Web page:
Guide to Sunbathing for Infants

Guide to Sunbathing for Infants

Monday - 27/05/2024 05:47
Sunlight brings life to all living beings, including plants, animals, and humans. From the moment they are born, the miraculous sunlight brings many benefits to infants, boosting their immunity, strengthening their immune system, reducing the risk of skin diseases, and especially contributing to strong and healthy bones.
Sunbathing for infants is a simple yet highly effective activity, helping to kill bacteria, fight inflammation, and activate the skin to produce vitamin D3, which enhances the two main components of bone formation: calcium and phosphorus. Below is the most accurate and effective guide to sunbathing for infants without causing any harm.

Timing for Sunbathing
Sunbathing for infants should start when they are over 1 week old (more than 7 days after birth).

The best times of the day for sunbathing are:
    Morning: From 6 am to 9 am, during this time, infrared and ultraviolet rays in sunlight are relatively weak, suitable for promoting metabolic processes in the body.
    Afternoon: From 5 pm to 6 pm, X-rays in sunlight help infants absorb calcium and phosphorus most effectively, which is beneficial for bone development.

Sunbathing Duration
For the first sunbathing session, only expose the infant for about 5 minutes.
In the following days, gradually increase the duration to 10 minutes, 15 minutes, but not exceeding 30 minutes.
Each sunbathing session should last continuously for only 10 days, then pause for 10-20 days before starting again.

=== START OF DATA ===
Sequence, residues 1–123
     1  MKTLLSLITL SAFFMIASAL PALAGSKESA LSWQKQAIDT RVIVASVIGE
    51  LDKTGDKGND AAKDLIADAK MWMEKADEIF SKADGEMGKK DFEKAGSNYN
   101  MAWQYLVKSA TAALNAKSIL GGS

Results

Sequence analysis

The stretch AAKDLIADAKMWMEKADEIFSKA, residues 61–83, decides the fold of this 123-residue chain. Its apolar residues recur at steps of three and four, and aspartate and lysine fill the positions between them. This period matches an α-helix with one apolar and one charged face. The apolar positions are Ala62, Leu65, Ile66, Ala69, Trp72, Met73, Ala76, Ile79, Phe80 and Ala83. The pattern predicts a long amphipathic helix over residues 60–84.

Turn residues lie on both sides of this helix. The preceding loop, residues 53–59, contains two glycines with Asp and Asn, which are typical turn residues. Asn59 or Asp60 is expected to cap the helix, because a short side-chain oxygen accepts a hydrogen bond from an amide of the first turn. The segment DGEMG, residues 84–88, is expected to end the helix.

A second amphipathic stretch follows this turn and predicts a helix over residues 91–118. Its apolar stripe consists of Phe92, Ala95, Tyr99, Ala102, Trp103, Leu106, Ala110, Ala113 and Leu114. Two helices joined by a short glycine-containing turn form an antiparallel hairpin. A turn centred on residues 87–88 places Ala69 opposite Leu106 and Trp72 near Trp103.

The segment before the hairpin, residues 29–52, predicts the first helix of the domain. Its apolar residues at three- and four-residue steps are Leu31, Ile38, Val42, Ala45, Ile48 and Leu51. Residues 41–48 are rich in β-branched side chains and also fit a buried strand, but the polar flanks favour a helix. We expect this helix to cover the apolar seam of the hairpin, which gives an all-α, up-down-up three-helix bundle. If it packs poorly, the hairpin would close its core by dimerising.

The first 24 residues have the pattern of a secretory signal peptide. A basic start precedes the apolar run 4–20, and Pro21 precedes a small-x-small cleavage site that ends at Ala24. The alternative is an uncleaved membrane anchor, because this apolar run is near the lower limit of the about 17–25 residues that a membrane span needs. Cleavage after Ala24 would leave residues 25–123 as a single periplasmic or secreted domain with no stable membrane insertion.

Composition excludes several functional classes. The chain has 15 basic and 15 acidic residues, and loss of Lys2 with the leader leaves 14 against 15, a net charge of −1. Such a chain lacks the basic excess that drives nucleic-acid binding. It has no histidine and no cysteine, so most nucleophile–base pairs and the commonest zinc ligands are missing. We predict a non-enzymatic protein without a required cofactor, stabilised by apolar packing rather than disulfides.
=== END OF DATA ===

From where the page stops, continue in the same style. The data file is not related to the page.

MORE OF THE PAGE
Sunbathing Procedure
Dress the infant in clothes that expose their feet, hands, cover their face, and protect their eyes.
Initially, only expose a small part of the infant's skin, keep them in the shade for about 2 minutes, then gradually introduce them to sunlight. Sunbathe for 2 minutes on the front side and 3 minutes on the back on the first day. In the following days, sunbathe for 5-10 minutes on the front side and 10-15 minutes on the back.
The sunbathing duration should not exceed 30 minutes per day.

Important Notes:
    Do not sunbathe infants younger than 1 week old.
    Avoid sunbathing infants from 9 am to 5 pm.
    Do not sunbathe infants in windy places; choose well-ventilated areas with plenty of sunlight.
    Avoid direct sunlight exposure to the infant's head, face, and eyes.
    If sunbathing indoors, open the windows because glass blocks the body's absorption of infrared rays.
    Do not sunbathe infants during abnormal weather conditions or transitional seasons.
    Keep the infant's feet and hands exposed to sunlight as much as possible.
    Dress the infant lightly to expose as much skin as possible.
    If the skin turns red, the infant sweats heavily, or their pulse rate increases during sunbathing, stop sunbathing and move the infant to the shade.
    For infants with hyperthyroidism, eczema, allergic dermatitis, skin infections, or those taking quinolone antibiotics, absolutely avoid sunbathing as it can worsen the condition and reduce the effectiveness of medication.
 Tags: Infants

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